By Suzanne Ellison
He was deeper in the forest than he would normally venture and felt a sense of unease in this unfamiliar wood. The weak daylight of late October was fading away, and he didn’t see the tree stump until it was too late. He caught his foot on the stump and fell hard onto the cold ground. As he got himself up he saw the trunk of a tree and several logs scattered nearby. Not seeing any markings identifying the logs as belonging to the King, he packed them on his sled and, with a a sore ankle, made his way home.
As he came through the door of their small cottage he saw his young daughter tending to a small kettle hanging over the fire. She turned toward him and exclaimed, “Papa, you’re home! Jacob and his grandfather came by this afternoon, and we are having rabbit stew for our supper!” He was relieved they would have a hot meal and felt ashamed he wasn’t providing for her as he wished. He smiled at his little girl and saw how much her eyes were like her mother’s and her smile like his. She continued, “Jacob’s grandfather asked if tomorrow you could help him repair their roof.” “Yes, of course I can. I’ll head over first thing in the morning,” he replied.
After their supper he spread a heavy cloth on the floor in front of the fire. He brought the logs over to examine them in the light. The bark was smooth and dark with a scattering of bumps. The edges were not fresh, and the weight of the logs indicated they had probably been cut a season or two before. He trimmed one end of a log, saw the wood was a pure white and was fairly certain this was holly. On two of the larger logs he could just make out that each had been incised with an ‘Θ.’ This was strange as trees and lumber for the King’s use were marked with white paint. He ran one finger over an ‘Θ’ and with a sharp intake of breath quickly pulled his hand back. Had he been stung by a wasp? His finger stung and bled and he saw a splinter lodged in his fingertip. “I hope you have no more surprises for me,” he said to the log. “A sore ankle and now a finger. That’s quite enough mischief from you.” He gathered a few tools from a small chest in the corner and started to process the logs. He thought there would be more than enough wood to make a small table.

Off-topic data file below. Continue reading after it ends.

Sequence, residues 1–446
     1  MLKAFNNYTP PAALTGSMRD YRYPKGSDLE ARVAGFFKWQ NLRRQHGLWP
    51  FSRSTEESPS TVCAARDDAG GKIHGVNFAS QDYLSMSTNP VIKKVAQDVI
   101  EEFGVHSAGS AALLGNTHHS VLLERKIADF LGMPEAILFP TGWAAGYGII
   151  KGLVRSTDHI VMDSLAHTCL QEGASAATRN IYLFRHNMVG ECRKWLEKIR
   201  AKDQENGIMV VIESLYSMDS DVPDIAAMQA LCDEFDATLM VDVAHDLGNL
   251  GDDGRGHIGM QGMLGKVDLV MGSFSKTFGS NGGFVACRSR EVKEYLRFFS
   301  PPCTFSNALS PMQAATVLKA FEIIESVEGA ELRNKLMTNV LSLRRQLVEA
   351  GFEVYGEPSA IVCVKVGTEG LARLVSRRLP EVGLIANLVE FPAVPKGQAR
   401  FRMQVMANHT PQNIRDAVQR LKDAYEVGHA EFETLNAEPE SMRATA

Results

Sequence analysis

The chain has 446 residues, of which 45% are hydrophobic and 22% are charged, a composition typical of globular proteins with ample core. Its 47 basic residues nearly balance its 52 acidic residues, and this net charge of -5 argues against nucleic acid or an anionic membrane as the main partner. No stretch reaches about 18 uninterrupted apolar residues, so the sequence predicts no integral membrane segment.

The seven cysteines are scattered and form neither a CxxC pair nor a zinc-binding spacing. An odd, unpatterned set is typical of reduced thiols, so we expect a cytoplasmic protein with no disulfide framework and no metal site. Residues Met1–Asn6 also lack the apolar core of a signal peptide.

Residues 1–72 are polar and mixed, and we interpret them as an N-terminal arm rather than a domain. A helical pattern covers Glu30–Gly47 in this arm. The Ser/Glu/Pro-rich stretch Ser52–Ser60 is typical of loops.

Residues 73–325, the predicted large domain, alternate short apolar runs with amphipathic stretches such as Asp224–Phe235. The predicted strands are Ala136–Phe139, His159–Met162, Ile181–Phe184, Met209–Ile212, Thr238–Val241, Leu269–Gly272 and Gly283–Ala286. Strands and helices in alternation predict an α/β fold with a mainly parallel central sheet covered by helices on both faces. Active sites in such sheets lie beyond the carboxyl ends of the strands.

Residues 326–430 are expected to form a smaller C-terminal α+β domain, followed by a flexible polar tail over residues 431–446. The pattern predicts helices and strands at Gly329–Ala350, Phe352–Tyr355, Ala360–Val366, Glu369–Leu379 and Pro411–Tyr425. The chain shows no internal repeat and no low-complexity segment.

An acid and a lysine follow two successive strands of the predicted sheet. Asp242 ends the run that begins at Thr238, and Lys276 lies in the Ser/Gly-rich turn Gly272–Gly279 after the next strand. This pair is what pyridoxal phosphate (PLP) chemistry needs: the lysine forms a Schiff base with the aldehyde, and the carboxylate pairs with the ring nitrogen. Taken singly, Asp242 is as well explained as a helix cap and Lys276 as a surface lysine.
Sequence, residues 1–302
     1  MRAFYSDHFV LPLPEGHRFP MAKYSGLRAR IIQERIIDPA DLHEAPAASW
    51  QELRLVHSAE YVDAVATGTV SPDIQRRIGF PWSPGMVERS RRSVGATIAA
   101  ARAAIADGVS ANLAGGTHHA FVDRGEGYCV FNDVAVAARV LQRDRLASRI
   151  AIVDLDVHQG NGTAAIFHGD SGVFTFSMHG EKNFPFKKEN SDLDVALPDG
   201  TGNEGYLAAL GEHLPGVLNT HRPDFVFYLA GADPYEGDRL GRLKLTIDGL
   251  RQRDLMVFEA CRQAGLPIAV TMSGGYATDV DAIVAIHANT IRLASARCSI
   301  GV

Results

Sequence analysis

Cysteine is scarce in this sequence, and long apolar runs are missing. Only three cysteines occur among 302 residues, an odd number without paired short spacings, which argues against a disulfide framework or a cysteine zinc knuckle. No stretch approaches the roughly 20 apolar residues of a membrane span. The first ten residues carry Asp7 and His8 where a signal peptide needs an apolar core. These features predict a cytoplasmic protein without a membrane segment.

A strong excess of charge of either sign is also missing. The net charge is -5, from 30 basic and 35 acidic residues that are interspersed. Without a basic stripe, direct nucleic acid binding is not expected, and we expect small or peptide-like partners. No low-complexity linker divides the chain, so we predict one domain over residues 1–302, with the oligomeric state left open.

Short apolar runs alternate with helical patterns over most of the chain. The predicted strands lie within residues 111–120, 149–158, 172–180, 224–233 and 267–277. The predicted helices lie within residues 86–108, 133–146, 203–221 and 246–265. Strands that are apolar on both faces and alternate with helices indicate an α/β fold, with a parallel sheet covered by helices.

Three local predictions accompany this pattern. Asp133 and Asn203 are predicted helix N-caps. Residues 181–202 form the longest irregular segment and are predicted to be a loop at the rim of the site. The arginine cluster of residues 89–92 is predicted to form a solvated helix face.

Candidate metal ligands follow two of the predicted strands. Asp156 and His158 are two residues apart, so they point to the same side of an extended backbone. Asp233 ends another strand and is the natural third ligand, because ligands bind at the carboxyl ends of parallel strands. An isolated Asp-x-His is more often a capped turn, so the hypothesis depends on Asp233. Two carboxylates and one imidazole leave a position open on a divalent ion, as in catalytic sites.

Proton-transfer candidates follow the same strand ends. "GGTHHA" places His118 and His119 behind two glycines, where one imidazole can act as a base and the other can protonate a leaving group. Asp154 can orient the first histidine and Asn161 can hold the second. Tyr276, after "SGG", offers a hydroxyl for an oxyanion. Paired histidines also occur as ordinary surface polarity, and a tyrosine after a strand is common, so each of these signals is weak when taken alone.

The table would be plain, nothing fancy, a place to have their meals together. His daughter could set out her sewing, sort the herbs she used for cooking and they could play games. It would make their home more comfortable. Before he knew it, his daughter was saying good night and climbing the ladder to the loft where she slept. A few hours later he had the stock he needed. He cleaned and put away his tools. Tomorrow, he would try to match the wood to make a pleasing pattern on the tabletop.
The next day he helped his neighbor repair his roof and a stable wall. His daughter helped in the garden and kitchen. In return, they came home bearing fresh bread, pots of berry jam, a basket full of vegetables and a couple more rabbits. That night they had a merry time over their supper.
After supper, he sat back in an old upholstered chair, the last piece of furniture they still had from their old home in the city. Although the cottage was warm his body kept a memory of the cold day. His face stung from the sharp wind and his hands were sore. Well, he thought as he sat up, I can at least sort and match the stock for the tabletop. After a few tries he called his daughter over. “What do you think?” he asked. Yawning, she came to take a look. “That will make a fine table,” she said and asked, “How will you remember which pieces of wood go where?” “I’ll make a special mark to help me match them again when the pieces are glued and put in the clamps,” he explained. “A special mark? Is is magic? Can I see it?” she asked. “No magic and you can see it tomorrow morning. Now, get to bed and Good Night!” he answered.
With the matched pieces laid out on the floor he drew the cabinetmaker’s triangle. To the unfamiliar eye, it looked like a fancy triangle with a center line and some loops. To him, it was a enjoyable reminder of another time. When he was first introduced to this method of marking wood he thought it was magic, and in saying so, received a smack on the back of his head from his master. Sitting back on his heels he laughed at the memory and said aloud, “I said it back then and I’ll say it again, it does look like a witch’s hat.” He glued the wood together and set the clamps. That done, he sat back in the old padded chair with his feet toward the fire. He dozed.